Any legal trade in rhino horn will have to be agreed by a two-thirds majority at the next CITES CoP in 2016, and South Africa should be well prepared for this by initiating an international advocacy campaign on the benefits of a legal trade as soon as possible. We need to stress that the purpose of CITES is not to ban such trade, as CITES made abundantly clear in its strategic vision with the following wording: “Conserve biodiversity and contribute to its sustainable use by ensuring that no species of wild fauna or flora becomes or remains subject to unsustainable exploitation through international thereby contributing to the significant reduction of the rate of biodiversity loss.” Thus CITES recognises that a trade in wildlife species is indeed an option for its conservation.
In summary, what would be the advantages of a strictly controlled legal trade?
• Rhino horn could be supplied without killing a single animal, as horns regrow and produce about one kilogram per year in males and 600g a year in females. As an alternative to an annual cut, horn can be shaved off in much smaller quantities throughout the year. More importantly, live rhinos would be more valuable than dead rhinos, which is not the case at present.
• The trade in horns would be brought out into the open, with transparency on horn prices. Linked to this would be the ongoing monitoring of consumer demand relative to supply, enabling the rhino ‘owners’ to respond immediate to changing market conditions related directly to consumer demand.• Those who have rhinos on their land urgently need mechanisms for funding that are likely to be financially sustainable, and not having to rely on donations, which are fickle and unreliable. By becoming active market participants, those responsible for rhino conservation would be able to generate a substantial income from these animals that could be 100 times higher than that generated from domestic stock.
• Rhino horn stockpiles held by conservation agencies and private landowners could be fed into the market, removing the high costs and security risks associated with maintaining them. (More attention needs to be given now to managing these stockpiles to ensure that the horns do not deteriorate but remain acceptable to end-users.)
• A significantly increased and potentially ongoing source of supply should greatly reduce the incentives for speculative stockpiling by criminals, because a legal supply would deliver rhino horn more reliably and cost effectively than the illegal trade.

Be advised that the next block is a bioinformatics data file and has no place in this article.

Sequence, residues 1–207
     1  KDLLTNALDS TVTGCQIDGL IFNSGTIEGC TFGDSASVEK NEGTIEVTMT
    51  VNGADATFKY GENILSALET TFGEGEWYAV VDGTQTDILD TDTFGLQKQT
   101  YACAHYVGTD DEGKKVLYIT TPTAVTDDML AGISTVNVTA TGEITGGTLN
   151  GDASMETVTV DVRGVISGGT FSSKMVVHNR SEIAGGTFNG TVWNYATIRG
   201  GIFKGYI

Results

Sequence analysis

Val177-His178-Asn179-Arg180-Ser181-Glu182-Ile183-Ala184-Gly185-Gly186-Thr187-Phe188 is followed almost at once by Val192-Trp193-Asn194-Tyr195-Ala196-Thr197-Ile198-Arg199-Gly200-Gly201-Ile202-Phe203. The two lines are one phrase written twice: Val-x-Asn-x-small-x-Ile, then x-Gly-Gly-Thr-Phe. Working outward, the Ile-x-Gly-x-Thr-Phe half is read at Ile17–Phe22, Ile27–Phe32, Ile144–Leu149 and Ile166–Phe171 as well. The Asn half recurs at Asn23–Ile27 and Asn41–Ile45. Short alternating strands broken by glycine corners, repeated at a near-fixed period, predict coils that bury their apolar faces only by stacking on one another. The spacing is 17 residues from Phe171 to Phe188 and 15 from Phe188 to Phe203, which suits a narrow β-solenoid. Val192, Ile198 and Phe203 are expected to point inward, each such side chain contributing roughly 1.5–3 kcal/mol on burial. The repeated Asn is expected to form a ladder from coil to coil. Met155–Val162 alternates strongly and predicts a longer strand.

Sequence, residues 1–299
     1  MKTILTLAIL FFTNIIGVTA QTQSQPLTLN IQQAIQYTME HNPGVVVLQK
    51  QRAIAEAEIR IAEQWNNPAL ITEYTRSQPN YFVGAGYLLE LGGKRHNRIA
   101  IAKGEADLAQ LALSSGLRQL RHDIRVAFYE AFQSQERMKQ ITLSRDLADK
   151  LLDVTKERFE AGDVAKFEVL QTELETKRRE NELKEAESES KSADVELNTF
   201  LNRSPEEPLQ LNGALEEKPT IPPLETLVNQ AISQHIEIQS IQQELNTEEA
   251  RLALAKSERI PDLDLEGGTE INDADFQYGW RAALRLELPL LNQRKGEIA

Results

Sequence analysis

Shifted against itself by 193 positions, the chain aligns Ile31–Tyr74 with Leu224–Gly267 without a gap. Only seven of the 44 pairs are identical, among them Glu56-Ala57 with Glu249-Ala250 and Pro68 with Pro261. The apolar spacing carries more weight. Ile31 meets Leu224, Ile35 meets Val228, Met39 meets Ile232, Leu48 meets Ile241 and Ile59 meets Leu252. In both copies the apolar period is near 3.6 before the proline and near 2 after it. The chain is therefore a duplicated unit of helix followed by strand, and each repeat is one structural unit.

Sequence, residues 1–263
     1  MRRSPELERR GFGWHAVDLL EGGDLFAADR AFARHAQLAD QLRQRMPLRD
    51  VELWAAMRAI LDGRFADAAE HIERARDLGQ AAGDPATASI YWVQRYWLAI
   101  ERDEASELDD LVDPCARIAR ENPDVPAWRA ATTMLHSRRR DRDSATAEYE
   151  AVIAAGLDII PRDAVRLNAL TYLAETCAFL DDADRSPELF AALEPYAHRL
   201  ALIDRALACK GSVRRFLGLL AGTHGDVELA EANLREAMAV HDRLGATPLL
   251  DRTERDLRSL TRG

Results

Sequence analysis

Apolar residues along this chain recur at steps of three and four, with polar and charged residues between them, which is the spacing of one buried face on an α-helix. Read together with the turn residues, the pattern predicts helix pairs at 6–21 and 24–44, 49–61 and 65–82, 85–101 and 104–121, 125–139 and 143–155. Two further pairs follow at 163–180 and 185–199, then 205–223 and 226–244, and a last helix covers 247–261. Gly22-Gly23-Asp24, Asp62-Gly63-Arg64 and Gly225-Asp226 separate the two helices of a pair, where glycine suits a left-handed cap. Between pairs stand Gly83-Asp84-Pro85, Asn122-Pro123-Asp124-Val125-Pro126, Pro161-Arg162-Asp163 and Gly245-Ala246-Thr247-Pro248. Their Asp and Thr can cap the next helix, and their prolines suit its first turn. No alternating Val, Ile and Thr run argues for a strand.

• A controlled legal trade should encourage other private landowners and, importantly, local communities, to obtain and maintain their own rhino populations, and to start breeding from them, which should have a significant impact on helping to increase rhino numbers. It is important to stress, however, that most proponents of the legal trade have drawn attention to the following:
• If the legal trade led to an increase in poaching, the legal trade could be either closed down or restructured. Serious proponents of the trade have never suggested that a legal trade would put a stop to poaching.
• Much of course will depend on how the legal market is established, because it will be essential to try to eliminate the laundering of illegal stocks, as legalising trade could simply create two parallel markets – legal and illegal – which will operate alongside each other. Michael Eustace has presented a proposal on how such a market could be established.
• No pro-trade motivations state that if there is a legal trade it would be promoted by the producers for its therapeutic properties – in other words, those promoting the trade have not said that they are doing so because they believe that rhino horn has medicinal properties.
• Furthermore, nobody from the pro-trade lobby has suggested that all remaining rhinos be ‘farmed like cattle’. With the anticipated increase in the number of rhinos on private land and in communal areas, much of the regular harvesting could occur there, with some being added from state-protected areas where animals might still be vulnerable to ongoing poaching threats, and ideally away from those parts most often visited by tourists.
Persisting with the present range of options will only be possible with substantial ongoing financial support (not just for Kruger National Park (‛KNP’ or ‛Kruger’) but for other areas too), and in the interim we will have to witness the further mutilation and killing of rhinos, the loss of life of game guards and poachers, and scarce human and financial resources being moved away from other priority conservation concerns. Surely the legal trade option deserves a resolute and more dispassionate and tolerant consideration as a sustainable solution if rhinos are to survive?